The fifty years from the last decade of the eighteenth century saw great changes in Britain. Significant technological and economic change, not to mention wars, affected great swathes of the population and profoundly changed many aspects of life.
In this book Fabian Hiscock considers this dramatic upheaval as it played out in western Hertfordshire, focusing in particular on just one of the many innovations of the time: the Grand Junction Canal, created to connect the Midlands with London.
Having described the complex process of creating the Canal itself, the author turns to how western Hertfordshire experienced, and responded to, the new trade route that now traversed its fields and settlements.
In the area's towns and villages -- particularly Rickmansworth, Watford, Hemel Hempstead, Berkhamsted and Tring -- the Canal made an impact, but to what extent did it live up to the promises made by its promoters? And what were the impacts on trade and transport, on work and home life? Did it create jobs and wealth for local people? Or did it simply pass through, leaving those living on either side relatively unaffected? Whether and in what way western Hertfordshire changed as a result of the Grand Junction Canal is the focus of this work.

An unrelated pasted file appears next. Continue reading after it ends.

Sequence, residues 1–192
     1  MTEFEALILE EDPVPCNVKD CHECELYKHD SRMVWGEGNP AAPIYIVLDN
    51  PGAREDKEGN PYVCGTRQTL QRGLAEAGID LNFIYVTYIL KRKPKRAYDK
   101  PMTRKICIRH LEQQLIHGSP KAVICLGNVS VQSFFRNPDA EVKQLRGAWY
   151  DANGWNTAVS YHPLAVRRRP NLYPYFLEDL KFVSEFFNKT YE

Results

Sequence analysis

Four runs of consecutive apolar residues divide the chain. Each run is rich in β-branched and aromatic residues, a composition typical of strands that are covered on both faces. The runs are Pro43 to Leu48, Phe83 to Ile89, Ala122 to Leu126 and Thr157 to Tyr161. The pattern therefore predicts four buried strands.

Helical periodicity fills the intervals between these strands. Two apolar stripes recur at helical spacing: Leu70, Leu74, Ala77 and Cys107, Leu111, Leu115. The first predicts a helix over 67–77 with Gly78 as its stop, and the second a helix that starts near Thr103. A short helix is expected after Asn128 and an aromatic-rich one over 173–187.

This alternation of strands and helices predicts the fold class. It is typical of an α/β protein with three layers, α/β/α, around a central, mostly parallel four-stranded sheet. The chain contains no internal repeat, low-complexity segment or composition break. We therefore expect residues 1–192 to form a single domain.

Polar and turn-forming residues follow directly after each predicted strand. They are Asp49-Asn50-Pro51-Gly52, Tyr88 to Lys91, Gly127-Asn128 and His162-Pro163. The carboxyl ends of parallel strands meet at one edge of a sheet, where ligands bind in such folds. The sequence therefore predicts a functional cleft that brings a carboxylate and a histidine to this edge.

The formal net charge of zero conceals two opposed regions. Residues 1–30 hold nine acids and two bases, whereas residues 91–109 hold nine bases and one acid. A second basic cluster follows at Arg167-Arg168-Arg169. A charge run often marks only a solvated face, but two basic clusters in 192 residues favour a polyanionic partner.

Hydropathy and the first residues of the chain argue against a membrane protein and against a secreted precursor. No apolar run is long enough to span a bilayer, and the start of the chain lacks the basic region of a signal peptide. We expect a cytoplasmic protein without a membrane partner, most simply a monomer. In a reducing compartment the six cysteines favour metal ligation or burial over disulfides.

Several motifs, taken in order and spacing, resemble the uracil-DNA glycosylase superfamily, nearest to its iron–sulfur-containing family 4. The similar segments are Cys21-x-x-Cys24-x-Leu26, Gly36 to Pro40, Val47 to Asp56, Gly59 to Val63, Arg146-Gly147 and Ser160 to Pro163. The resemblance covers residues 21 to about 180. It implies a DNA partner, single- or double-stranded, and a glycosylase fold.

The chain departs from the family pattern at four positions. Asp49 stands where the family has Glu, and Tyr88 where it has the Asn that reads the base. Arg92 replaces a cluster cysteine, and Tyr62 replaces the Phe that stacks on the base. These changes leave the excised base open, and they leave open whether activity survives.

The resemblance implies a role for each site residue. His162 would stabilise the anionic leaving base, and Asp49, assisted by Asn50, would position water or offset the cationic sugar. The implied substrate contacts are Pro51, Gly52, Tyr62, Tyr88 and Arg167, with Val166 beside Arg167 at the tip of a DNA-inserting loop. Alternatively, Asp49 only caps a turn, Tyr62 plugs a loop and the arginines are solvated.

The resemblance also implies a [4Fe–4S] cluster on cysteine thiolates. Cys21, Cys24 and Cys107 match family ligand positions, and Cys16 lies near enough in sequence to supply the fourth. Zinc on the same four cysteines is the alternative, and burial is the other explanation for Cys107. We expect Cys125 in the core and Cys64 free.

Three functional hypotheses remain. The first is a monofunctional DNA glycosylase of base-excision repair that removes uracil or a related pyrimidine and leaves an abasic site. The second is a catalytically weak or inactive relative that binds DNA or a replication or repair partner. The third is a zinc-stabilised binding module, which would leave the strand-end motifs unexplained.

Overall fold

1841 is the chosen end date for the study period because of the coincidence of the Census undertaken that year, which sheds some light on the industrial makeup of the area, the tithe awards made between 1838 and 1844, allowing study of the Canal's effect on land ownership and usage across the area, and the start of the London and Birmingham Railway's real economic effect.
In combining canal history with a detailed social and economic study of a part of the county that is not much written about, Fabian Hiscock has written a superbly researched and widereaching book that will be of interest to a broad range of readers.